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State abortion bans trigger confusion over what happens to frozen embryos

As state after state passes abortion bans, the question of what to do with frozen embryos has become increasingly pressing.

In many cases, couples who have undergone in-vitro fertilization (IVF) will have leftover embryos that they have not yet decided to implant. These embryos are typically frozen, and can be thawed and implanted at a later date if the couple decides to have another child.

However, in states where abortion is effectively outlawed, it is unclear what will happen to these embryos. Some couples may be forced to implant them, even if they are not ready to have another child. Others may be forced to carry a pregnancy to term against their will.

The situation is further complicated by the fact that many couples who have frozen embryos are not married. This means that, in some cases, the decision of whether or not to implant an embryo may rest with only one person in the relationship.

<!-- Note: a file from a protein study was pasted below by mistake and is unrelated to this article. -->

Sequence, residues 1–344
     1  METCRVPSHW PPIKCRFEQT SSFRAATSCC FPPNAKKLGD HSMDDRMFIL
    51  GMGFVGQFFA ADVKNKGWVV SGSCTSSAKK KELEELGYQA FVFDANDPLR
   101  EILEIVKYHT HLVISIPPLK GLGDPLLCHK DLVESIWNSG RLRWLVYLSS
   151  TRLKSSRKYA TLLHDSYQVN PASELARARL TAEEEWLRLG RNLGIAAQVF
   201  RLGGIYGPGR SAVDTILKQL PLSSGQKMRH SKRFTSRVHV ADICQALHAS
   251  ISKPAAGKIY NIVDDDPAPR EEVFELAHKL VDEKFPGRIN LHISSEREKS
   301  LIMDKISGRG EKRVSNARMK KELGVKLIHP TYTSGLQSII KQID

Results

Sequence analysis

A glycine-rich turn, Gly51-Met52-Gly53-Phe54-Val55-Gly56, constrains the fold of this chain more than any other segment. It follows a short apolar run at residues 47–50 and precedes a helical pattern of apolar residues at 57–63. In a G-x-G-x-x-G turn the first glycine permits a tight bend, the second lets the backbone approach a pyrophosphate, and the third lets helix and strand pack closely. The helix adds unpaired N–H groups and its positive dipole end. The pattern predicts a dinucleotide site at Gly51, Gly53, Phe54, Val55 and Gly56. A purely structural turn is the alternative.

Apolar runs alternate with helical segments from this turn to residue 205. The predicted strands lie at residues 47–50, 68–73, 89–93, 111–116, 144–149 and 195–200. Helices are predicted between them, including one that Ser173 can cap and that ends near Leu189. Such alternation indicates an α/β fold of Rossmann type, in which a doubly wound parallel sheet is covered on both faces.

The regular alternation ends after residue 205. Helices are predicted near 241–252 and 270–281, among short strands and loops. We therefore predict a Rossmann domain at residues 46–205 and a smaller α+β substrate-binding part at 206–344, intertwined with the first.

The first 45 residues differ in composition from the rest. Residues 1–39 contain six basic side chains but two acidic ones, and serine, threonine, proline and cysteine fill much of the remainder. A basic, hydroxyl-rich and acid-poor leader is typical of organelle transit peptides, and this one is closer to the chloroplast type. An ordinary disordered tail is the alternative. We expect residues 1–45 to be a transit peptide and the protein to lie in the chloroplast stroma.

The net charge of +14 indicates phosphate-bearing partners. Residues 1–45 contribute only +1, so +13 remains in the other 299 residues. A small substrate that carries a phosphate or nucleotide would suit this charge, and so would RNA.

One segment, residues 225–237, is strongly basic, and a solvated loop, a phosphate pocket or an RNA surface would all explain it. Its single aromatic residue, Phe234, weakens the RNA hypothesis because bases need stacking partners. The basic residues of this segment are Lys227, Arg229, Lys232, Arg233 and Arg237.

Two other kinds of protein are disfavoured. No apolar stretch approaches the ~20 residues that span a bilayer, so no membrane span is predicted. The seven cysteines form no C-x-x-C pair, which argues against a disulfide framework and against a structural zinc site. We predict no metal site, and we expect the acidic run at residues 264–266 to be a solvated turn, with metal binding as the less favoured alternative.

The confusion over what will happen to frozen embryos in states with abortion bans is yet another example of the far-reaching effects of these bans.

Arkansas’ abortion ban, which went into effect on Friday, defines an “unborn child” as starting at fertilization. That left Dean Moutos, who runs Arkansas Fertility Gynecology, the state’s sole provider of in vitro fertilization, with questions. The law makes no mention of IVF, but Moutos immediately wondered: Could his patients’ frozen embryos be defined as unborn children under the law? Could discarding those embryos be considered an abortion? “I don’t know whether the people who wrote this law fully understood the downstream effects of it,” he said. “But everybody across the country, including us in Arkansas, is very concerned about…

Source: nbcnews.com/health/health…